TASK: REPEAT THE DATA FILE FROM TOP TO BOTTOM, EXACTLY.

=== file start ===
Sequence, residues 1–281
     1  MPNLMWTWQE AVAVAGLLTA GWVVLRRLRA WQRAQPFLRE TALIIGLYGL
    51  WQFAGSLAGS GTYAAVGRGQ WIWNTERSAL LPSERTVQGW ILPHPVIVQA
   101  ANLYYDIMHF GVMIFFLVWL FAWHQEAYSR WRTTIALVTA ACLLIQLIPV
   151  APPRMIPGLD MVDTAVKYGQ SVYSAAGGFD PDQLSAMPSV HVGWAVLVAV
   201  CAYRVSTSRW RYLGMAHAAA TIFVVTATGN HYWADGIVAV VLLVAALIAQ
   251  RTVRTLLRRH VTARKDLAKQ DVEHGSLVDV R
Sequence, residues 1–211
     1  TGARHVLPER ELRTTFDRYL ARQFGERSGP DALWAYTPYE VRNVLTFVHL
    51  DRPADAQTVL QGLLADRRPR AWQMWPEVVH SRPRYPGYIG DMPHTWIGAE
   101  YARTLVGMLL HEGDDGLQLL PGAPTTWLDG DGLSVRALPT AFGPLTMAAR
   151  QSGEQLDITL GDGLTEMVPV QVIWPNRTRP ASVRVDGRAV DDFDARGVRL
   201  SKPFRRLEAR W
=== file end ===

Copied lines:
Sequence, residues 1–281
     1  MPNLMWTWQE AVAVAGLLTA GWVVLRRLRA WQRAQPFLRE TALIIGLYGL
    51  WQFAGSLAGS GTYAAVGRGQ WIWNTERSAL LPSERTVQGW ILPHPVIVQA
   101  ANLYYDIMHF GVMIFFLVWL FAWHQEAYSR WRTTIALVTA ACLLIQLIPV
   151  APPRMIPGLD MVDTAVKYGQ SVYSAAGGFD PDQLSAMPSV HVGWAVLVAV
   201  CAYRVSTSRW RYLGMAHAAA TIFVVTATGN HYWADGIVAV VLLVAALIAQ
   251  RTVRTLLRRH VTARKDLAKQ DVEHGSLVDV R
Sequence, residues 1–211
     1  TGARHVLPER ELRTTFDRYL ARQFGERSGP DALWAYTPYE VRNVLTFVHL
    51  DRPADAQTVL QGLLADRRPR AWQMWPEVVH SRPRYPGYIG DMPHTWIGAE
   101  YARTLVGMLL HEGDDGLQLL PGAPTTWLDG DGLSVRALPT AFGPLTMAAR
   151  QSGEQLDITL GDGLTEMVPV QVIWPNRTRP ASVRVDGRAV DDFDARGVRL
   201  SKPFRRLEAR W